In the fall of 1928, according to McNew in The Journal, news spread at Reynolds High School that a male faculty member had reportedly had a homosexual relationship with a male student who had recently graduated. In isn’t clear from historical sources who the teacher and male student were, and whether the relationship started before or after the student’s matriculation. It seems, however, McNew was the only faculty member who attempted to resolve the situation, eventually leading to the discussion of the topic in the local press.

At Christmas, the male student involved in the affair provided evidence of the reationship to McNew, who forwarded the evidence to the superintendent’s office. Latham and Assistant Superintendent Frank Koos investigated the matter, but the only action they took was not to renew McNew’s contract at the end of the school term in May 1929.

McNew, a popular Reynolds faculty member, appears to have been the first person in the schools of Winston-Salem and Forsyth County to publicly acknowledge the presence of homosexual relationships in the schools and the first to bring attention to the presence of gay students and their safety. As a result, McNew suffered the reprimand of school administrators who did not know how to deal with the situation, except to silence the individual who wanted to know the truth and to protect students’ welfare.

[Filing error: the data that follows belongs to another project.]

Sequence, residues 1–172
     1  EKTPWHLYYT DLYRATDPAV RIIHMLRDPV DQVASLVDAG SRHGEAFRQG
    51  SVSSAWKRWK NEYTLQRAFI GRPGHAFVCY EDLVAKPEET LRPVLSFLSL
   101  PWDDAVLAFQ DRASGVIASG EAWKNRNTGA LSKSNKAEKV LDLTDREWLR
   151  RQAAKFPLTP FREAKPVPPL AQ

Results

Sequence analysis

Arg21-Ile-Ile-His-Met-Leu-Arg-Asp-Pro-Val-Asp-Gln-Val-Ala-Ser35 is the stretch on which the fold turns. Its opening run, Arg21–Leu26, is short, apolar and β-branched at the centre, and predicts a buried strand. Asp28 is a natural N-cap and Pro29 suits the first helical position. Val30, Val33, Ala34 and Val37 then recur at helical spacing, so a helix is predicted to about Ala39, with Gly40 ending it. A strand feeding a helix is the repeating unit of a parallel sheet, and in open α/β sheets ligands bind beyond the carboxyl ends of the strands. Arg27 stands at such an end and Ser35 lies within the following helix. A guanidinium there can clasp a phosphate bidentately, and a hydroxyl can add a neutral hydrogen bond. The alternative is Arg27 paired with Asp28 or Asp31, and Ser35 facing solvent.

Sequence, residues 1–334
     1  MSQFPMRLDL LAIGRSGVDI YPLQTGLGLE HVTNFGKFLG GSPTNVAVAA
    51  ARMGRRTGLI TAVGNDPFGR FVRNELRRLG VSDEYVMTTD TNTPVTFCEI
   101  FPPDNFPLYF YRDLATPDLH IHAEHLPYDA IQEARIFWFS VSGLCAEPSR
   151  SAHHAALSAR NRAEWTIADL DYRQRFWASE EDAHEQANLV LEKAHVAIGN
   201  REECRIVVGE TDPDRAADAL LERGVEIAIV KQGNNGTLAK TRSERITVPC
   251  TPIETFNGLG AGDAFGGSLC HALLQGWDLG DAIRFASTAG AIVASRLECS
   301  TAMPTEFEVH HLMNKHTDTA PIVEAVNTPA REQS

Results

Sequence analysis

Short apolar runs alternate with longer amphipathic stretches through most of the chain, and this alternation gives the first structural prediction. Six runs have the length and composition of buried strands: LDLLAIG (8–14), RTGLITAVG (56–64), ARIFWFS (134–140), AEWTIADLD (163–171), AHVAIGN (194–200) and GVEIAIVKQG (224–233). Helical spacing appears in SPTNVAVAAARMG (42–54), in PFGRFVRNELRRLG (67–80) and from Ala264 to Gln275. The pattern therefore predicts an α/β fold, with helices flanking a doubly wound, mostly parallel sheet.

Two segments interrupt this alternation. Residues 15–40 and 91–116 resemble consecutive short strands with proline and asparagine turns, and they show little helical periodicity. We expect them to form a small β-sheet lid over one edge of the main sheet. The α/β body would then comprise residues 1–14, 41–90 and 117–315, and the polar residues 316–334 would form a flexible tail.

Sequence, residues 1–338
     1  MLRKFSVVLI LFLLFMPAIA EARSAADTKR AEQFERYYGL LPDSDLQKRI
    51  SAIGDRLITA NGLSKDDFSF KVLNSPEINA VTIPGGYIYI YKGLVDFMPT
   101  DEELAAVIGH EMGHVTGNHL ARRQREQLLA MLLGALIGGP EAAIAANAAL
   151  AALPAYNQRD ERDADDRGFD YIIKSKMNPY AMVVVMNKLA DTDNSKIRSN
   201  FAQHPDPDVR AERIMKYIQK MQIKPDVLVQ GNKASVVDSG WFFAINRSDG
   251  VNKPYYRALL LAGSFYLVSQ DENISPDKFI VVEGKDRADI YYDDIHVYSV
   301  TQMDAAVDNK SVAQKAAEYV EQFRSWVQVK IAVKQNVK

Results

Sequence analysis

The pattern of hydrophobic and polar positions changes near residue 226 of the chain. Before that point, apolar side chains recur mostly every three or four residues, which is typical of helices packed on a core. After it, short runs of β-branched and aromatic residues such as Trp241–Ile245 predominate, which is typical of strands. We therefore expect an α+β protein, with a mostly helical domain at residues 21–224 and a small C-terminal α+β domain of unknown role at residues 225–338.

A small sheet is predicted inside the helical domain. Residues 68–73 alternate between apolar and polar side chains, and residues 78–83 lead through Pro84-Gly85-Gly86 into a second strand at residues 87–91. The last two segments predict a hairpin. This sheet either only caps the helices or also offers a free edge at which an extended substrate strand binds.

The “McNew incident” in 1929 provided good reason for school administrators in Winston-Salem to develop expertise on the subject of sexuality. However, such a choice was not made, and the present-day school board in Winston-Salem/Forsyth County is not aware that Mr. Eugene Kent McNew ever existed, that he had to deal with circumstances and subject matter that they face today, and that, despite Latham’s 1929 claims, McNew did indeed have a “useful” presence in the history of the school system.

introduction by Matt Comer, Q-Notes staff